Melting and Calving of Antarctic Ice Shelves
Major portions of the Antarctic Ice Sheet float in the surrounding ocean, at the physical and intellectual boundaries of oceanography and glaciology. These ice shelves lose mass continuously by melting into the sea, and periodically by the calving of icebergs. Those losses are compensated by the outflow of grounded ice, and by surface accumulation and basal freezing. Ice shelf sources and sinks vary on several time scales, but their wastage terms are not yet well known. Reports of substantial ice shelf retreat, regional ocean freshening and increased ice velocity and thinning are of particular concern at a time of warming ocean temperatures in waters that have access to deep glacier grounding lines.
This award supports a study of the attrition of Antarctic ice shelves, using recent ocean geochemical measurements and drawing on numerical modeling and remote sensing resources. In cooperation with associates at Columbia University and the British Antarctic Survey, measurements of chlorofluorocarbon, helium, neon and oxygen isotopes will be used to infer basal melting beneath the Ross Ice Shelf, and a combination of oceanographic and altimeter data will be used to investigate the mass balance of George VI Ice Shelf. Ocean and remote sensing observations will also be used to help refine numerical models of ice cavity circulations. The objectives are to reduce uncertainties between different estimates of basal melting and freezing, evaluate regional variability, and provide an update of an earlier assessment of circumpolar net melting.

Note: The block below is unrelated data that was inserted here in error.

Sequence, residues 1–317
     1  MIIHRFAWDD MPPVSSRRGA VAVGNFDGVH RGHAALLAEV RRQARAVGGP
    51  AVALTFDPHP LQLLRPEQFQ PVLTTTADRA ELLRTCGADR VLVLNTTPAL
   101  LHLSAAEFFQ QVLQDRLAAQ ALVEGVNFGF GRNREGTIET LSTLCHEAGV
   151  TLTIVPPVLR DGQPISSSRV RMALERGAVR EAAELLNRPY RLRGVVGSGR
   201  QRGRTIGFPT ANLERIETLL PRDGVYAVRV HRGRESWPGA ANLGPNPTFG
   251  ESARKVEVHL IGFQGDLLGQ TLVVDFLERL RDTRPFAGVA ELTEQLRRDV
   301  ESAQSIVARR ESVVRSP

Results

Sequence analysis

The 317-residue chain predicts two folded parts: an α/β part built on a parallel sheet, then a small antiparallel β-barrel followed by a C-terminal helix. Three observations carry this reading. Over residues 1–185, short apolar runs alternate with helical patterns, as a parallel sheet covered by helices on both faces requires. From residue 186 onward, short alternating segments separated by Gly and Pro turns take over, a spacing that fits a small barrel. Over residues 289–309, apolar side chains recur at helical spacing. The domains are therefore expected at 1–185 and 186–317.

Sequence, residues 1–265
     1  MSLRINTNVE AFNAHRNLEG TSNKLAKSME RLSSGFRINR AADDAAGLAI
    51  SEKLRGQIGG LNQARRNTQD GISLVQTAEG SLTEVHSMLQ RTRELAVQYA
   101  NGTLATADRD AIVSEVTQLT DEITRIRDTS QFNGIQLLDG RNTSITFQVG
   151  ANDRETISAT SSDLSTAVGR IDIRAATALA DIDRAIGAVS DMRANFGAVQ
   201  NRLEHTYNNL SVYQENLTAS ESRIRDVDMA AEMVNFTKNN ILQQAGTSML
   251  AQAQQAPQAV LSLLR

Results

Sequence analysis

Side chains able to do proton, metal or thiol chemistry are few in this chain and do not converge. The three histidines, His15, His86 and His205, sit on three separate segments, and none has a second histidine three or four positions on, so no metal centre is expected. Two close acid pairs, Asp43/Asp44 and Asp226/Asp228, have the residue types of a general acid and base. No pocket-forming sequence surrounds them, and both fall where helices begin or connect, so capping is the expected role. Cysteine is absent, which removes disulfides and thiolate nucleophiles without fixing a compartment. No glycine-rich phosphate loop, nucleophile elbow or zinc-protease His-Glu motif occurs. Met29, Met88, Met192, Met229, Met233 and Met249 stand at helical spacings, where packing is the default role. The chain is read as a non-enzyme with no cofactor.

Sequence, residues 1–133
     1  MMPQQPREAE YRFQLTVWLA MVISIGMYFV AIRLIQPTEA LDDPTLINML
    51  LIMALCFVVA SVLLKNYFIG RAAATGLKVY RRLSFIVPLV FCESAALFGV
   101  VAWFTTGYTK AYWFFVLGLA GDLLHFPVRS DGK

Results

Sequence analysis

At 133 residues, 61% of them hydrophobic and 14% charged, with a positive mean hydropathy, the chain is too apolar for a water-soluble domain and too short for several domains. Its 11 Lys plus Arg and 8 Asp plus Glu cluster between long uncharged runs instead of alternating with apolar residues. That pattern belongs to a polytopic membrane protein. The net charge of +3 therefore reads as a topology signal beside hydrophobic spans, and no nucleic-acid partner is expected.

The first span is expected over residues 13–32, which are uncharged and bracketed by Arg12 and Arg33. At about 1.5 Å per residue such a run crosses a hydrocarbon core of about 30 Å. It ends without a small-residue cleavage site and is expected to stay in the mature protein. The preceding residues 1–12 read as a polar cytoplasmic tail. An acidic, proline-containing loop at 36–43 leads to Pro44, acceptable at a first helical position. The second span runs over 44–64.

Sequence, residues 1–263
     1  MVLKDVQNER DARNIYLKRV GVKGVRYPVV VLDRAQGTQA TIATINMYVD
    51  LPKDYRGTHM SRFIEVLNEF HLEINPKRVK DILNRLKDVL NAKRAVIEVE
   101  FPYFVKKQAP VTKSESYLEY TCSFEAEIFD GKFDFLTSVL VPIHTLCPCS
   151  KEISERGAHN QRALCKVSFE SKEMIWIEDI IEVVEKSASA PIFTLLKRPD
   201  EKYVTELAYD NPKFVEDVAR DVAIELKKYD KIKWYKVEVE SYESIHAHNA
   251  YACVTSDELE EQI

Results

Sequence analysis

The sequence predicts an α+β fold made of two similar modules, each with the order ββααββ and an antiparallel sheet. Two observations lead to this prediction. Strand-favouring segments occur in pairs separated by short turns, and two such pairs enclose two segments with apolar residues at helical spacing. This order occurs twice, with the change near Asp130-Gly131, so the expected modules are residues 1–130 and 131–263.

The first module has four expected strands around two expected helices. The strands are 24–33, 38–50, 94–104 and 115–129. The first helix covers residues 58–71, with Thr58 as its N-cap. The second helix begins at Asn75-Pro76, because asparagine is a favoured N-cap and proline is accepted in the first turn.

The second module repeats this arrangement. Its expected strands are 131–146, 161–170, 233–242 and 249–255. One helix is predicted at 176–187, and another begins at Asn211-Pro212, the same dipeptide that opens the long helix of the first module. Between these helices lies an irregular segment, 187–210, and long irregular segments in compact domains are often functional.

A better knowledge of ice shelf attrition is essential to an improved understanding of ice shelf response to climate change. Large ice shelf calving events can alter the ocean circulation and sea ice formation, and can lead to logistics problems such as those recently experienced in the Ross Sea. Broader impacts include the role of ice shelf meltwater in freshening and stabilizing the upper ocean, and in the formation of Antarctic Bottom Water, which can be traced far into the North Atlantic. To the extent that ice shelf attrition influences the flow of grounded ice, this work also has implications for ice sheet stability and sea level rise.
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